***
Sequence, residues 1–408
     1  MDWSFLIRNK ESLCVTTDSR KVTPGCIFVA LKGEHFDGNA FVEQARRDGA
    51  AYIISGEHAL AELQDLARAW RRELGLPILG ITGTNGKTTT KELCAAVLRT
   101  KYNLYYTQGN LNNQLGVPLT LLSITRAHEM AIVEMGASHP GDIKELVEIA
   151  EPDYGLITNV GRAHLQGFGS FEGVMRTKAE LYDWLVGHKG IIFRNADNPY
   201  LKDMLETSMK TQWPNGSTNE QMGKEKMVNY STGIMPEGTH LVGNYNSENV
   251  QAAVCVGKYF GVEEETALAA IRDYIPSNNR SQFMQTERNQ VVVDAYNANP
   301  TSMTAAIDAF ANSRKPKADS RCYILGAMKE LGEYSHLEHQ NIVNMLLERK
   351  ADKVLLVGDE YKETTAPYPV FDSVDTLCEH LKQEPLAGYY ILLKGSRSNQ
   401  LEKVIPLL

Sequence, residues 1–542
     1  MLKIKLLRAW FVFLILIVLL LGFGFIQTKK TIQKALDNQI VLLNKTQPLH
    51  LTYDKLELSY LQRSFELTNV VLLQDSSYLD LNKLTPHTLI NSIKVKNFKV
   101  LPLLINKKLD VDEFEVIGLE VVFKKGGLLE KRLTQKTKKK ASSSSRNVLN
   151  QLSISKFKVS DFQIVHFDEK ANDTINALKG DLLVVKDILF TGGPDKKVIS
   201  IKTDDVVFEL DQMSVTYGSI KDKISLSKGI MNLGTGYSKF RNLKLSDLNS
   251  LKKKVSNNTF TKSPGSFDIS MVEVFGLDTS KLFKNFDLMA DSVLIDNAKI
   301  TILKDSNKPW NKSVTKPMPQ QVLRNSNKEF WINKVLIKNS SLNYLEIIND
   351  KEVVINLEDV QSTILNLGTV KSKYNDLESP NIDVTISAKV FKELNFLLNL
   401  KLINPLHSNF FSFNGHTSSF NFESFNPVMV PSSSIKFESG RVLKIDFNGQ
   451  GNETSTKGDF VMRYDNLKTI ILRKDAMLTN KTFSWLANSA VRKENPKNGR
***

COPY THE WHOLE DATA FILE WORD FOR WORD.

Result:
Sequence, residues 1–408
     1  MDWSFLIRNK ESLCVTTDSR KVTPGCIFVA LKGEHFDGNA FVEQARRDGA
    51  AYIISGEHAL AELQDLARAW RRELGLPILG ITGTNGKTTT KELCAAVLRT
   101  KYNLYYTQGN LNNQLGVPLT LLSITRAHEM AIVEMGASHP GDIKELVEIA
   151  EPDYGLITNV GRAHLQGFGS FEGVMRTKAE LYDWLVGHKG IIFRNADNPY
   201  LKDMLETSMK TQWPNGSTNE QMGKEKMVNY STGIMPEGTH LVGNYNSENV
   251  QAAVCVGKYF GVEEETALAA IRDYIPSNNR SQFMQTERNQ VVVDAYNANP
   301  TSMTAAIDAF ANSRKPKADS RCYILGAMKE LGEYSHLEHQ NIVNMLLERK
   351  ADKVLLVGDE YKETTAPYPV FDSVDTLCEH LKQEPLAGYY ILLKGSRSNQ
   401  LEKVIPLL

Sequence, residues 1–542
     1  MLKIKLLRAW FVFLILIVLL LGFGFIQTKK TIQKALDNQI VLLNKTQPLH
    51  LTYDKLELSY LQRSFELTNV VLLQDSSYLD LNKLTPHTLI NSIKVKNFKV
   101  LPLLINKKLD VDEFEVIGLE VVFKKGGLLE KRLTQKTKKK ASSSSRNVLN
   151  QLSISKFKVS DFQIVHFDEK ANDTINALKG DLLVVKDILF TGGPDKKVIS
   201  IKTDDVVFEL DQMSVTYGSI KDKISLSKGI MNLGTGYSKF RNLKLSDLNS
   251  LKKKVSNNTF TKSPGSFDIS MVEVFGLDTS KLFKNFDLMA DSVLIDNAKI
   301  TILKDSNKPW NKSVTKPMPQ QVLRNSNKEF WINKVLIKNS SLNYLEIIND
   351  KEVVINLEDV QSTILNLGTV KSKYNDLESP NIDVTISAKV FKELNFLLNL
   401  KLINPLHSNF FSFNGHTSSF NFESFNPVMV PSSSIKFESG RVLKIDFNGQ
   451  GNETSTKGDF VMRYDNLKTI ILRKDAMLTN KTFSWLANSA VRKENPKNGR